Shaykh Haytham Tamimi on Fatherhood

22 March 2006

Edited presentation from transcript
Muslim Fatherhood workshop – Fathers Direct National Conference
5 April 2005

Imagine civilisation as a huge building and society as its foundation, and the foundation of society being families and parents. To have good civilisation, we need to have effective parenting.

The Quran said ‘Your lord has commanded that you should worship none other than him and that you should be kind to your parents.’ In this verse, Allah combines parenting and tawhîd (the oneness of God) which demonstrates what an important role parents play.

The Prophet said ‘Truly in the body there is a morsel of flesh. If it is whole and healthy then the body is healthy and if it is diseased then the body is diseased. He was referring to the heart. The heart of society is the family. And if the core is healthy then society remains healthy and if it is diseased then society will be diseased.

The choice of marriage partner is critical. The Quran and the sayings of the Prophet Muhammad give extensive advice on how to search for a complimentary spouse, how to look after your family, your children and your parents. The Prophet said that if someone approaches you in marriage, whose religion and character you are satisfied with, accept his request. If you do not do so, there will be disturbance and extensive corruption on earth. When you choose the right person, don’t just consider wealth. Consider his or her character, religion and education as well.

There is a saying of the Prophet whereby ‘All of you are guardians of someone. Each of you will be questioned about those under your care.’ The father is a guardian and so is the mother and they are both responsible for the family. The responsibility is mutual, and not a case of just the mother looking after the family, which has unfortunately been promoted by many cultures.

God has said in the Quran: God enjoins you in the matter of your children. It is considered a worship in regards of teaching and raising the children. It is not easy.
The Prophet said there are some sins that one cannot abolish except by looking after one’s family. These traditions show that looking after family is very important.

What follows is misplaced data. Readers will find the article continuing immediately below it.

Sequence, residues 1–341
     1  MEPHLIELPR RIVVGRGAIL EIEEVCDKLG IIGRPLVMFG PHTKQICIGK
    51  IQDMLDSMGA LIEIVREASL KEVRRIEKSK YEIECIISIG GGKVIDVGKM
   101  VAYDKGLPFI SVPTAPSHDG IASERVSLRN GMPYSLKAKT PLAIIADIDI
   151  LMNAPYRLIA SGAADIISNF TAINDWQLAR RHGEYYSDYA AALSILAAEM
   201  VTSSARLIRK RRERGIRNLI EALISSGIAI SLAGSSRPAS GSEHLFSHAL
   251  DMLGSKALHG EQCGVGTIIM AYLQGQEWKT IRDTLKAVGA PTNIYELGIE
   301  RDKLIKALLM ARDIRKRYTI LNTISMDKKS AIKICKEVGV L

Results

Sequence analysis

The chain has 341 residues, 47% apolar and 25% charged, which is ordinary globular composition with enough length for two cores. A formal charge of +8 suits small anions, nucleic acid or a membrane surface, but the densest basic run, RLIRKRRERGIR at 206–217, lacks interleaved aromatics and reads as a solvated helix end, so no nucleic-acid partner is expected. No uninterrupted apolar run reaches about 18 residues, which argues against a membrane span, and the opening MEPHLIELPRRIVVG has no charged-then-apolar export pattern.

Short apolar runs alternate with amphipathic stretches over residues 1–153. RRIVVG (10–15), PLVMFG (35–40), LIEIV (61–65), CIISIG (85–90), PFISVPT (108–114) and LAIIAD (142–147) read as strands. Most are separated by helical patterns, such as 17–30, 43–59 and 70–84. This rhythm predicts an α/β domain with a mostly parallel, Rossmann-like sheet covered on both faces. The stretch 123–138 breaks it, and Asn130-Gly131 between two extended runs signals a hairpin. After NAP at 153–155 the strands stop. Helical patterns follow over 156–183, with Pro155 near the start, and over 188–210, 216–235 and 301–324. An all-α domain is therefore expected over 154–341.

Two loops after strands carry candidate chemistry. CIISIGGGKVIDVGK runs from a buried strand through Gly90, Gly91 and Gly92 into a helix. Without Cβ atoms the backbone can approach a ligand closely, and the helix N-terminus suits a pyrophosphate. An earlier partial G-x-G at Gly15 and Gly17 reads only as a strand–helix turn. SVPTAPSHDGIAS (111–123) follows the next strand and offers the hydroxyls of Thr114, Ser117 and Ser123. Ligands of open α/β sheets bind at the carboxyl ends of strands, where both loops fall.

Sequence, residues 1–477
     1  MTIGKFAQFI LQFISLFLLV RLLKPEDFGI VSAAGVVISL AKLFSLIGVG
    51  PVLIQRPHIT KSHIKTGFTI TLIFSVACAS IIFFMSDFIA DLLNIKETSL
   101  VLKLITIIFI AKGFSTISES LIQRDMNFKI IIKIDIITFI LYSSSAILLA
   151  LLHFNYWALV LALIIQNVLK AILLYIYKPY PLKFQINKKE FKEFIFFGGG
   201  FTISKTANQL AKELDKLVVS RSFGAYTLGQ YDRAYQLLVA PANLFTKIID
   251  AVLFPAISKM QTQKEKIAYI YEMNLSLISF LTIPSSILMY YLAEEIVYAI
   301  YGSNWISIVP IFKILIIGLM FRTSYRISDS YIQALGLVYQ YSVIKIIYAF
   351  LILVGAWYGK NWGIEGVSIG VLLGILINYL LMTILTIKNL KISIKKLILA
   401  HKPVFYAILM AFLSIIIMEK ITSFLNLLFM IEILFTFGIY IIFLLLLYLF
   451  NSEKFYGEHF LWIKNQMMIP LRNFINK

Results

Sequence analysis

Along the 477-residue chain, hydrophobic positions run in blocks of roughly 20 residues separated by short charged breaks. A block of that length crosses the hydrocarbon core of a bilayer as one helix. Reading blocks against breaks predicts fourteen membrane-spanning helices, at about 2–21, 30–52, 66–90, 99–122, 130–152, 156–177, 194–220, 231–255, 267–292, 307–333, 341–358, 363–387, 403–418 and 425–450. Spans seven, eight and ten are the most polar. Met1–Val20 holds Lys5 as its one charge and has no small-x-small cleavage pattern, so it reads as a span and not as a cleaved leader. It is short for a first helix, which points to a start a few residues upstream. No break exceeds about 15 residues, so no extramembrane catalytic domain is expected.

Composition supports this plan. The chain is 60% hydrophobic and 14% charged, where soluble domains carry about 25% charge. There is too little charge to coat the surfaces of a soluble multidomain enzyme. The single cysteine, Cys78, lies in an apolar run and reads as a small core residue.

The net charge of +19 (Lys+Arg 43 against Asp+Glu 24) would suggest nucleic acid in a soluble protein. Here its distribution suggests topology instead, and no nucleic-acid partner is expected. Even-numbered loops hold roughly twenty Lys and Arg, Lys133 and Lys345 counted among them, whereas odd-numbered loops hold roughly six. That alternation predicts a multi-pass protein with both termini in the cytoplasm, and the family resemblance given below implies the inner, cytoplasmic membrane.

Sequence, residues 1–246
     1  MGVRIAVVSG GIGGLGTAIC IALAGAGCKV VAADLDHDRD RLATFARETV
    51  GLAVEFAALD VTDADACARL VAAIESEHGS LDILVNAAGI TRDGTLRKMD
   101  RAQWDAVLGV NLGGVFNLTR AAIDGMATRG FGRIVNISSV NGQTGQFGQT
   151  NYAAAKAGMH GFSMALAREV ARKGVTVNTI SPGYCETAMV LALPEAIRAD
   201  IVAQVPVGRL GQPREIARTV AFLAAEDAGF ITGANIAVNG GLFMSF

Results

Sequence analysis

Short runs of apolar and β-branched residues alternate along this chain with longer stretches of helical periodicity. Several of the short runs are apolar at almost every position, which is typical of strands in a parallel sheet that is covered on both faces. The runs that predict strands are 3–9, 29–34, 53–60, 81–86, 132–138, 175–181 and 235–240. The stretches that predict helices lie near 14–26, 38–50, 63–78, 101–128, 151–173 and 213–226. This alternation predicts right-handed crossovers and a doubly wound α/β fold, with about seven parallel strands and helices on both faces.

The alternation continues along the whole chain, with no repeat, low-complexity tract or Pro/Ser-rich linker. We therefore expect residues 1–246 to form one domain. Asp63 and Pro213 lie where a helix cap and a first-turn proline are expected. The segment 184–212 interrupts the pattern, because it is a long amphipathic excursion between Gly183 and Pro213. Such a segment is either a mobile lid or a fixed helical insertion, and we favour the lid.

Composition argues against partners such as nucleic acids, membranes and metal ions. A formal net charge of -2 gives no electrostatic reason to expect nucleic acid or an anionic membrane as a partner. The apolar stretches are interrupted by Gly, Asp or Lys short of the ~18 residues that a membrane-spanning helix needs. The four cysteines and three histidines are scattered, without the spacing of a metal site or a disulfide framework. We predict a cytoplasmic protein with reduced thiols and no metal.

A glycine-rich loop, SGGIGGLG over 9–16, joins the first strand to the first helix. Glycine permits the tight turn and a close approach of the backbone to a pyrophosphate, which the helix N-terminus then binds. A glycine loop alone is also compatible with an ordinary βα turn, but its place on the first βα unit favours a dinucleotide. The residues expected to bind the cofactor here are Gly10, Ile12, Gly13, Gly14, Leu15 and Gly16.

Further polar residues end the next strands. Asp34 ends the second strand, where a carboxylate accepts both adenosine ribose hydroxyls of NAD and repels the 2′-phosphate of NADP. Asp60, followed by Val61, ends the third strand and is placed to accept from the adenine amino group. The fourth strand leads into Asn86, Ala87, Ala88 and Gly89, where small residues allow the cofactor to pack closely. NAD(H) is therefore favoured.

The crisis we face is not in Islam but in the practice of Islam. Islam provides broad principles and it is up to the individuals to put them into practice, depending on time and place. What works in the UK may not work in Lebanon. We may have the same principals but we must be flexible in our methodology.

The Prophet said the best among you is the best towards his family and I am the best amongst you towards my family. There is no point being the best person in your community but not at home. When I was teaching in Beirut, I found that the most misbehaved students were often those of Muslim activists. If you didn’t know the family, you would have thought the children were off the streets. The fathers were giving quality time to the mosque, the community, Islamic workshops but not quality time to their children.

I once counselled a man who was one of the most respected activists in the area. He had four or five children. He had a big fight with his wife one day and so came to me for help. I saw husband and wife individually and together. The main conclusion was that the father was not giving quality time to his children. Our first priority is our home, and then our community. Unfortunately, our priorities seem to be the other way around.

A Muslim’s understanding of fatherhood should be based on the example of the Prophet Muhammad. To understand the Prophet, however, you cannot interpret text without the context. Read about his life and you will see that he was kind and genial person with his family and the community as well. He gave quality time to each aspect of his life.